Using artwork for the tracks you publish, is extremely important, especially online.
We browse the internet with our eyes, not with our ears.
The decisions we make online are based on information and visual cues. We don’t make a decision to listen to a new song based on music. How can we if we have never heard the song?
This is why artwork matters.
If you’re publishing a song online without any type of artwork, you’re not giving yourself the best chance to get song plays. This doesn’t mean you won’t get them, you might. But, using intriguing artwork will increase your chances of getting more exposure.
By the way, I know many people (including me) who hears a song on YouTube but can’t remember the name of the song. What do they remember? The thumbnail picture.
You need to use artwork, got it? Good, now let’s talk how to get artwork made.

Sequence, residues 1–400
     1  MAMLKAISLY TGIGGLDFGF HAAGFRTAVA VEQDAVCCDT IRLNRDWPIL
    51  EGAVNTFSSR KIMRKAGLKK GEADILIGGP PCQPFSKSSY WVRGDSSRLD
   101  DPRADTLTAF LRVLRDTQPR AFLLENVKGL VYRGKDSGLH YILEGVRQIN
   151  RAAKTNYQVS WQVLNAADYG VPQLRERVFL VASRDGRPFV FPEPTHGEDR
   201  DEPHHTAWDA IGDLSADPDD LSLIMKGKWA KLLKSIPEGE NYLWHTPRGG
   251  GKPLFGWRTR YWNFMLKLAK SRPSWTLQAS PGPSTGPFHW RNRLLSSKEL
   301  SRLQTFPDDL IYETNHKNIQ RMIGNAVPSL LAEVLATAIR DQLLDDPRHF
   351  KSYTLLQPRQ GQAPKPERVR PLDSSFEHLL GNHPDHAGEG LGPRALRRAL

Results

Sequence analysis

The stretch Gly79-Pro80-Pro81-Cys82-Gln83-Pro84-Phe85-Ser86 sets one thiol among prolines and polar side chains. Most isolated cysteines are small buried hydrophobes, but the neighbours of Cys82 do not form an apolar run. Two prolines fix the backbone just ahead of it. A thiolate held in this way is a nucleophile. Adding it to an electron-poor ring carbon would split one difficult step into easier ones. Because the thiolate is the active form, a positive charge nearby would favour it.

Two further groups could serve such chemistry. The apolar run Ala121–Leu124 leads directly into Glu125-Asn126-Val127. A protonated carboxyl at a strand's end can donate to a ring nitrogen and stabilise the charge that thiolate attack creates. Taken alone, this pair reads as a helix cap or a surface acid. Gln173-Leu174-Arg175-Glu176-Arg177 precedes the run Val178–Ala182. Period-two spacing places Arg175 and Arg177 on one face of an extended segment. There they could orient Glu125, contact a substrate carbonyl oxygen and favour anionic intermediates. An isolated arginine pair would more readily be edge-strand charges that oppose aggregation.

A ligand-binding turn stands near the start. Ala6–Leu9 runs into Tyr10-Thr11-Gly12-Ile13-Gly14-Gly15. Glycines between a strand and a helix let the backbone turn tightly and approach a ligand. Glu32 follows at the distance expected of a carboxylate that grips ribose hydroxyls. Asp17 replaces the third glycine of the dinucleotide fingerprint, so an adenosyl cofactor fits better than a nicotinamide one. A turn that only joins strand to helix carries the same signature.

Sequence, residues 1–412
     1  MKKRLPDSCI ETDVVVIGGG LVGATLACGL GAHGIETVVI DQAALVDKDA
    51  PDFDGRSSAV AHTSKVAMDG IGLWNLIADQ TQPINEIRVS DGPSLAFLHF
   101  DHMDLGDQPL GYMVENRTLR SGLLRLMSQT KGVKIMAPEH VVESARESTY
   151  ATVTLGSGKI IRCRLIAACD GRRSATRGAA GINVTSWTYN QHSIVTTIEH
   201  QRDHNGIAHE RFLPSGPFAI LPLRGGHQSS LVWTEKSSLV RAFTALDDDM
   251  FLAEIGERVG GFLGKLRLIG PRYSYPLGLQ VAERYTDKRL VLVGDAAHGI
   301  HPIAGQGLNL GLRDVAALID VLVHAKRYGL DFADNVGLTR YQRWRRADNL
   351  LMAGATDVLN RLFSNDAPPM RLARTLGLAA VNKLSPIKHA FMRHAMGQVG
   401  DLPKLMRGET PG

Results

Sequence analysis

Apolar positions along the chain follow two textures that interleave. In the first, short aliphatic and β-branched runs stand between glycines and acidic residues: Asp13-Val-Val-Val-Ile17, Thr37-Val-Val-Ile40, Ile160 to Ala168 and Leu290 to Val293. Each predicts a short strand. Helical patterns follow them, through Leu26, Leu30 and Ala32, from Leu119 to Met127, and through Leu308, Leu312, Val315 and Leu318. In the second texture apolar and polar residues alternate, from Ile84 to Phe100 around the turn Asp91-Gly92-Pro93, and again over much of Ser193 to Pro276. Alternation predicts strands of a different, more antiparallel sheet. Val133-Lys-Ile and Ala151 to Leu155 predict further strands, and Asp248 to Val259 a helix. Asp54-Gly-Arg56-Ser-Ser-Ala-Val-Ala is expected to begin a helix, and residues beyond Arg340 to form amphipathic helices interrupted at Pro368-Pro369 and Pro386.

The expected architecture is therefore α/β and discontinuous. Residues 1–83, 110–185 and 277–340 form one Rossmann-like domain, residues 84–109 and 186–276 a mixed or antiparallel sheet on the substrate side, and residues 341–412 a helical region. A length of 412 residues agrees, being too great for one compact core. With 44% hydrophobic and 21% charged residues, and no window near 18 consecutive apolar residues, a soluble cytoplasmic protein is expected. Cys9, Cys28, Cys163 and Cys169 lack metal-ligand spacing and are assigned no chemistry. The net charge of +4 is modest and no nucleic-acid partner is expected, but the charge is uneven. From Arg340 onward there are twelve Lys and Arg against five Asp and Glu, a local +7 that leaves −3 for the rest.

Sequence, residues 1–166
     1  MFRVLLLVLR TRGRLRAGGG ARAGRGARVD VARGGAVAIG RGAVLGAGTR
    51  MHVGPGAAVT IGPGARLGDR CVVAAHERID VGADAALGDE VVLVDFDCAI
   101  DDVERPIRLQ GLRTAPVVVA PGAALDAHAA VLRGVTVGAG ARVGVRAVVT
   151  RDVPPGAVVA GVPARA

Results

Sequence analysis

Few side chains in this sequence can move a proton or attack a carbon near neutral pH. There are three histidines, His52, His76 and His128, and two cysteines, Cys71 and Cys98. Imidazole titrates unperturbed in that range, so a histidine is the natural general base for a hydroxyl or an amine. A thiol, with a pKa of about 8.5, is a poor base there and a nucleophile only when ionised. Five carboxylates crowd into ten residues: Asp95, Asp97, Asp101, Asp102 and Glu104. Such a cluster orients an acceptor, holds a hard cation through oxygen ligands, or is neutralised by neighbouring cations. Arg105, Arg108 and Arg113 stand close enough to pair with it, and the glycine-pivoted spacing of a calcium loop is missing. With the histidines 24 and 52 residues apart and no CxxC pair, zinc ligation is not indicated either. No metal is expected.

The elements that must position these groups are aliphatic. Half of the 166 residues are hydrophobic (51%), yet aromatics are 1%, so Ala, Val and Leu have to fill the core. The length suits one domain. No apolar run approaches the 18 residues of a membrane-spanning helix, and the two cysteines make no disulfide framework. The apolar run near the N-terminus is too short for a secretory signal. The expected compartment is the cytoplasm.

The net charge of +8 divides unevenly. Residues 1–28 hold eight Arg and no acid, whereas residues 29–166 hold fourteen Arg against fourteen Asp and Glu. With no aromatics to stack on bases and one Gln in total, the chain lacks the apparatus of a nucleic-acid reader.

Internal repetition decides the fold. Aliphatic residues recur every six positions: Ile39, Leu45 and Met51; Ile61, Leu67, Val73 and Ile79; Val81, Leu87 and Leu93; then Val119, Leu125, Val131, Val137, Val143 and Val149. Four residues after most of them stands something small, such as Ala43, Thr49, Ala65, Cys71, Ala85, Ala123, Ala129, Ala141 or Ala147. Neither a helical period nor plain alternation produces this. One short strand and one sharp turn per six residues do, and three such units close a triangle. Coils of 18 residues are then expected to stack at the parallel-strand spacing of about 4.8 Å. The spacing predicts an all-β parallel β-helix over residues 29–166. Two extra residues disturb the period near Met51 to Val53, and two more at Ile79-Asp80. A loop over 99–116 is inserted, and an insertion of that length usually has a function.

1. Hire a graphic designer
You can always hire a graphic designer to make artwork for you. There are sites like Fiverr where freelance graphic designers are working for as low as $5 per order. It can be a great place to start looking.
If you’re releasing new tracks very often, hiring a graphic designer can get expensive. But, it’s one option.
2. Learn it yourself
It’s possible to learn the basics of graphic design and create the artwork on your own. There are tools like GIMP (free) and Canva, that you can use. There are also plenty of royalty-free picture libraries online where you can get professional pictures to use in your artworks (Here’s a list of few sites).
Learning graphic design on your own is possible, but naturally requires a visual eye and a lot of practice. If you’re interested in trying, go ahead and start learning. YouTube has vast amount of tutorials for it.
3. Just use a picture
Using an artwork doesn’t mean you always have to create a customized cover for each track you publish. You can also use just a ”random” picture you get from the internet (royalty-free of course) that represents the song.
For example: If your track is a heartfelt love song, you can find a picture of a heart, a couple, or anything that represents love. Done!
Again, keep this in mind ”We browse the internet with our eyes, not with our ears”. The text you write and the visuals you use matters.